This high-octane, more dynamic, so-called remake of George A. Romero’s 1985 horror classic Day of the Day (astonishingly given the same title) is simply nothing at all like the original. It never once recaps scenes from the original version, and therefore doesn’t quite play out like a remake, but more like a stylish retrofit. It’s not that I didn’t enjoy Romero’s classic, this one just triumphs in aspects the original lacked. Smarter zombies with hyper-kinetic behavior, better characters, and much more action, Halloween H20 director Steve Miller’s Day of the Dead is, to my surprise, a worthy retrofit of a somewhat-dated classic.
After an virus epidemic sweeps through the town of Leadville, Colorado, a handful of survivors immune to the virus fight to survive. Taking shelter in homes, cars, and radio stations, they begin their escape from the town’s overwhelming infection. The zombie guidelines are as followed: shoot them in the head, don’t get bitten, and run as fast as you can. The undead can be quicker than you think.
With an uncommonly terrific look, nifty make-up effects, and a script that marginally out-smarts the original, this retrofit pulls no punches. It might not have the political commentary (government accusations) and explainations about zombie orgin that made the first stimulate your thoughts, nor does it have the abundance of handmade gore. However, it’s the high energy and expanded sympathy for a vegetarian zombie known as Bud (sharply performed by Stark Sands) that provides the continuous fun the first lacked.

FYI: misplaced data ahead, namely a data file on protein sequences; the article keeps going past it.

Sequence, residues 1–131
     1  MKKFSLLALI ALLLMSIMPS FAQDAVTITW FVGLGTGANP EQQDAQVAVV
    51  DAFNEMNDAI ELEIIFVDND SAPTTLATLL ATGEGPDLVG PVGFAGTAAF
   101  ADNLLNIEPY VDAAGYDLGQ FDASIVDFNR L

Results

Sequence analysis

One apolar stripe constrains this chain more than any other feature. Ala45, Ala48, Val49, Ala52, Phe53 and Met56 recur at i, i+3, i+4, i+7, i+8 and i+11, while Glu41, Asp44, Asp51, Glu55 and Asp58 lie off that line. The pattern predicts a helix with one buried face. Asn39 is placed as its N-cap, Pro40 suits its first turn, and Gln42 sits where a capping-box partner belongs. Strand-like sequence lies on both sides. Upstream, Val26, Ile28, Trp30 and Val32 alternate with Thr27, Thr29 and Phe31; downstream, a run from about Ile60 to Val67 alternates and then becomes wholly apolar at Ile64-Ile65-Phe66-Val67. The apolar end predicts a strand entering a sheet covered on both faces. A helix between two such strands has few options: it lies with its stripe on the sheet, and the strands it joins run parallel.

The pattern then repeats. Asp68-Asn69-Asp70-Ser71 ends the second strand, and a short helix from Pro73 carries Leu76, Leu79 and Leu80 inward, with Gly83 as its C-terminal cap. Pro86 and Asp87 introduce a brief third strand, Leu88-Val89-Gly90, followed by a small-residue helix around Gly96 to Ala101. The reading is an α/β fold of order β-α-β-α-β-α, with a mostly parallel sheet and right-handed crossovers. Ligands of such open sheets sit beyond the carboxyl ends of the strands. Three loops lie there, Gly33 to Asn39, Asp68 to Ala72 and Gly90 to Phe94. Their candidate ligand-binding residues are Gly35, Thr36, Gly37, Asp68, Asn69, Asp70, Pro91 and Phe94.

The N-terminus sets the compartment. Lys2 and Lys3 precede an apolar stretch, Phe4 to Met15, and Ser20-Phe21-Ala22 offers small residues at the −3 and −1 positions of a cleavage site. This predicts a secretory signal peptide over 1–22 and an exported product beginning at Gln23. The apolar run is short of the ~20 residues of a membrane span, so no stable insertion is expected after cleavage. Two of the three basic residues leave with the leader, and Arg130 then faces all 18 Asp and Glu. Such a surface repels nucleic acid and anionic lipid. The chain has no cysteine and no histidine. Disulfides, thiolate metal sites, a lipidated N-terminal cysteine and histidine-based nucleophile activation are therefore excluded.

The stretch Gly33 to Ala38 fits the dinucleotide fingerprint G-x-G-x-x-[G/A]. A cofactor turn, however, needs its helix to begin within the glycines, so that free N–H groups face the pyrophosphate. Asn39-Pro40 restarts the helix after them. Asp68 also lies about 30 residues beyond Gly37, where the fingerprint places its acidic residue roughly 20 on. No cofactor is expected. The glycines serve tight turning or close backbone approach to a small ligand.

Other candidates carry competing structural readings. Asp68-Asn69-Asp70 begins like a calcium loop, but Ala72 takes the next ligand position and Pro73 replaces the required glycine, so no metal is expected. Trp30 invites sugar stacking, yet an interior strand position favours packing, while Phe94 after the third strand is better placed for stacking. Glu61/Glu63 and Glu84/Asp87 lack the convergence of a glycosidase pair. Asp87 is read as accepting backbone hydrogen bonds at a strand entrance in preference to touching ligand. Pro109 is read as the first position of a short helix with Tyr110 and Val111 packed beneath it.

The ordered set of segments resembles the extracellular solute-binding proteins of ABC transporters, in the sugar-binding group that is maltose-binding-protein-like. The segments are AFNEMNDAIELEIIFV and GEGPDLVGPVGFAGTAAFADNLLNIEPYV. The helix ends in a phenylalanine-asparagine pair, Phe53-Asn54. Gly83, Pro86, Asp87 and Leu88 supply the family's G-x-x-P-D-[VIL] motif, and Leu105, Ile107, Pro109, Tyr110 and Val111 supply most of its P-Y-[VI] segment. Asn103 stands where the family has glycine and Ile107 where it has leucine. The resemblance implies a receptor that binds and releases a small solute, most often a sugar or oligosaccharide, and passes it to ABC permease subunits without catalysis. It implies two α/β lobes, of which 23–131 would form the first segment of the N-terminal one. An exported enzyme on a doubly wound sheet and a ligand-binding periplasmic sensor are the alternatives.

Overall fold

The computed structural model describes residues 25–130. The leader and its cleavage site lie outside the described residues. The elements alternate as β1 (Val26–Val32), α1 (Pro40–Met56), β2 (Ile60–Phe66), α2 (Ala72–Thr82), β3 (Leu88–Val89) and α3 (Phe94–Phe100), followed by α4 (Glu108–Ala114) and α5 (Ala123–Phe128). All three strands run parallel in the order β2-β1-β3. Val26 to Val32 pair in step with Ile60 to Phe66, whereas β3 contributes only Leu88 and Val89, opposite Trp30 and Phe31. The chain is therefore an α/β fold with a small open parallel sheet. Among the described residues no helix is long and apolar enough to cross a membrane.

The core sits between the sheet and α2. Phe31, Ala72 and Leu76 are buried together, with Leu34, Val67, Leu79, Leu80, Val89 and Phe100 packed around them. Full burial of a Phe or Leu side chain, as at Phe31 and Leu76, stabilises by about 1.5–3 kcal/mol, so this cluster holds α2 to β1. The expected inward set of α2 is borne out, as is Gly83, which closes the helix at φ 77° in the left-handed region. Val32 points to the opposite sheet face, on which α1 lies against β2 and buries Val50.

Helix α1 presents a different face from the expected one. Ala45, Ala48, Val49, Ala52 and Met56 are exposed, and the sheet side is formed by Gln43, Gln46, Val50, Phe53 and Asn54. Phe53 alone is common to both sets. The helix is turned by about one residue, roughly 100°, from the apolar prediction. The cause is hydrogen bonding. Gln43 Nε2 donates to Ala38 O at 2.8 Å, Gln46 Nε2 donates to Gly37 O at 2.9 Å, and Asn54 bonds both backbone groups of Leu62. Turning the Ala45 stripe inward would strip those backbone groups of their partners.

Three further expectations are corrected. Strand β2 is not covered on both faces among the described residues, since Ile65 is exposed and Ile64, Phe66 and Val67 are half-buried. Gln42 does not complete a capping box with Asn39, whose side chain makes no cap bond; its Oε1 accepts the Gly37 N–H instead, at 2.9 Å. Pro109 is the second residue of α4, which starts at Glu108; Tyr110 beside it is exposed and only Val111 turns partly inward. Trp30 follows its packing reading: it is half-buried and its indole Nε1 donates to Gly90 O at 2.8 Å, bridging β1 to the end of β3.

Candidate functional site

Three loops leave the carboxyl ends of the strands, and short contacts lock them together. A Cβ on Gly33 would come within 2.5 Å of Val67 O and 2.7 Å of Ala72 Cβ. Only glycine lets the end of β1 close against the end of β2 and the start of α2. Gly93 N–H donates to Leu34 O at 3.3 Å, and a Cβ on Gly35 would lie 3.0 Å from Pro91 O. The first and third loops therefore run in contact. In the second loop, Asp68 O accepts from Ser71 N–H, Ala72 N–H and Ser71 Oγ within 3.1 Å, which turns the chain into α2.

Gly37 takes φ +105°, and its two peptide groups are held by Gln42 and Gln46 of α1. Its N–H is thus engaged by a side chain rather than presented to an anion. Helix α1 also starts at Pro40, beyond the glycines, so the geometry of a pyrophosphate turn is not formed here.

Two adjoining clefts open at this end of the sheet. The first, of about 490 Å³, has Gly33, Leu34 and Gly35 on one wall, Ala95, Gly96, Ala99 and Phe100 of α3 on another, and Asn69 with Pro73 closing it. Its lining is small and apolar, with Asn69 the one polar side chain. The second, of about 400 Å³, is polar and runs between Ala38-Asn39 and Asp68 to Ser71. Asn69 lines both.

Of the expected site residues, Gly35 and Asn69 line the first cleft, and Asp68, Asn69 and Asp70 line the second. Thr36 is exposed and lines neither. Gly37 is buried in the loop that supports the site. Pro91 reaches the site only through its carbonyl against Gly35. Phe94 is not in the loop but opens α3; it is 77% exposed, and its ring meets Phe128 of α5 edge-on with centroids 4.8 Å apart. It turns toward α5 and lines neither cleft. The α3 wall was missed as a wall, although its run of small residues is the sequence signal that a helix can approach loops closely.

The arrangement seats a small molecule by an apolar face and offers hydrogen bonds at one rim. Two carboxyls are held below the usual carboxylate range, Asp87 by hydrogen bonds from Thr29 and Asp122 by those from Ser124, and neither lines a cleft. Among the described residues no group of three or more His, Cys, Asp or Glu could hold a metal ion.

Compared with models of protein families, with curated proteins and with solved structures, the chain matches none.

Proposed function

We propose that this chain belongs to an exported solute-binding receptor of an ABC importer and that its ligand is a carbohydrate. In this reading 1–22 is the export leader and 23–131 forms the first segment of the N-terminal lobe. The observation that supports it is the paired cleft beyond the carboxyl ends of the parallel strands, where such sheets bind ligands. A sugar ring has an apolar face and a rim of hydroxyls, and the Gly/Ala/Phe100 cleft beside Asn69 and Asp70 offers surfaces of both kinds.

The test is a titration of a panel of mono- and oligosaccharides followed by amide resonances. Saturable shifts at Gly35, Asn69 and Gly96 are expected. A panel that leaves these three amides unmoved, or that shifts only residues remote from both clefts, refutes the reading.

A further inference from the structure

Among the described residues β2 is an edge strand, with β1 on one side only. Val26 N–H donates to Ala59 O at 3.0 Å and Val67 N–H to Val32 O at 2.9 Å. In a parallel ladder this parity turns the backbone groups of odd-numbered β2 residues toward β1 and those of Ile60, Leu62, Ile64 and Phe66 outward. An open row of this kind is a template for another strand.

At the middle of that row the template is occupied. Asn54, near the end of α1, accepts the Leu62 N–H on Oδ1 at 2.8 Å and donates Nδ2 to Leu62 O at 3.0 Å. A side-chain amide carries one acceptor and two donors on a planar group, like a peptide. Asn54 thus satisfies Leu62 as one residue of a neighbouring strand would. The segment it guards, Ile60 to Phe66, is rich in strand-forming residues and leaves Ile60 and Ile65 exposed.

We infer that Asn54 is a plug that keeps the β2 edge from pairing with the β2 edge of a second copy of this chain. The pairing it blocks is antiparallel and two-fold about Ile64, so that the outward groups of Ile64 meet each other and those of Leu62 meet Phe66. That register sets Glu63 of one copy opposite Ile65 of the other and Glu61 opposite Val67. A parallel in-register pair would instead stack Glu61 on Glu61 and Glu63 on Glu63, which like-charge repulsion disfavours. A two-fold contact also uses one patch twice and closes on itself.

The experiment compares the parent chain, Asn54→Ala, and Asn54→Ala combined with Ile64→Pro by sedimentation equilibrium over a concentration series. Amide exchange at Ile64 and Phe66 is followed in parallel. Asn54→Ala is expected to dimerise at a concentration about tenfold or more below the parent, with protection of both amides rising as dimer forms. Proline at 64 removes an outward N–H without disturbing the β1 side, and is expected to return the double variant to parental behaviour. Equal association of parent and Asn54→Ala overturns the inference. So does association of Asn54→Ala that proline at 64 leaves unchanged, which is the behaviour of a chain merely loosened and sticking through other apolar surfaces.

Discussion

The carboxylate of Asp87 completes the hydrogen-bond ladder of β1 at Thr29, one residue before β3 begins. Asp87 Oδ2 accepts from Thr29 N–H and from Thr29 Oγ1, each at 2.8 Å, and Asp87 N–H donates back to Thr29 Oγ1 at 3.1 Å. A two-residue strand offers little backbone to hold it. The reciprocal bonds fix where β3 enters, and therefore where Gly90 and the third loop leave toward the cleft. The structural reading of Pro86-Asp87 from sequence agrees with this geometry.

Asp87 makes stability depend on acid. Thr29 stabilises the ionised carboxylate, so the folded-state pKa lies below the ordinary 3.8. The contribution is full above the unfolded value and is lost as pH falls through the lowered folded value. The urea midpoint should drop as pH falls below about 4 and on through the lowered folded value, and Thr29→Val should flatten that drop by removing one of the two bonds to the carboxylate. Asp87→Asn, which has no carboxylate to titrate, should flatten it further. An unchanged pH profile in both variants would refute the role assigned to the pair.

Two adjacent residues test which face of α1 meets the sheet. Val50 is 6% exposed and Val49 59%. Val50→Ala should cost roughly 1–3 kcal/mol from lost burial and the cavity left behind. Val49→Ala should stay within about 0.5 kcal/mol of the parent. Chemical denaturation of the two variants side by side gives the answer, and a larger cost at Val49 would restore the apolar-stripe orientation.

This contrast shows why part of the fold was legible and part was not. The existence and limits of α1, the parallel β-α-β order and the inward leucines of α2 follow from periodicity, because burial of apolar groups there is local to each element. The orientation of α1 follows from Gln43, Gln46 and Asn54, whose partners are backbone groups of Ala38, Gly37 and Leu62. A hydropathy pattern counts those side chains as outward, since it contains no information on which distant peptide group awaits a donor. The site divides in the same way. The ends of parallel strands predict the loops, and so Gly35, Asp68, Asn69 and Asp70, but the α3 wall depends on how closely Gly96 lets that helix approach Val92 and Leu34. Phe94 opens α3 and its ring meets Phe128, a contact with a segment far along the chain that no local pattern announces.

Even as a stand-alone zombie picture, this has enough tense moments and gross-out features to keep the enjoyment flowing steadily throughout. Even the small appearance by Ving Rhames is amusing. But what really keeps the film so alive (no pun intended) are the solid performances by the zombies, Mena Suvari, Nick Cannon, and a stand-out performance by Stark Sands.
Screenwriter Jeffrey Reddick (writer of the Final Destination films) provides his well-known intellect for thrillers to a film that, without Miller and his talents, probably would’ve been just another dead-head zombie flick. This action-packed thrill ride with limited piffle leads to a predictable, if satisfying, ending that will provide either a goofy smile or major eye-rolling gestures. However you see it depends on your mood. If you aren’t satisfied with the ending, an alternate ending is provided in the special features that I found to be a humorous conclusion to the film.
Included on the DVD (complete with an eye-popping holographic cover) are some pretty fascinating extras. The alternate ending for those who were “expecting the black man to die” is very funny and certainly worth a look, a well-collected photo gallery featuring close-ups of zombies and characters is fun to skim through, and the most interesting of all in the special features is the on the set featurette. This is a well-organized DVD and a great time awaits inside. 4/5 stars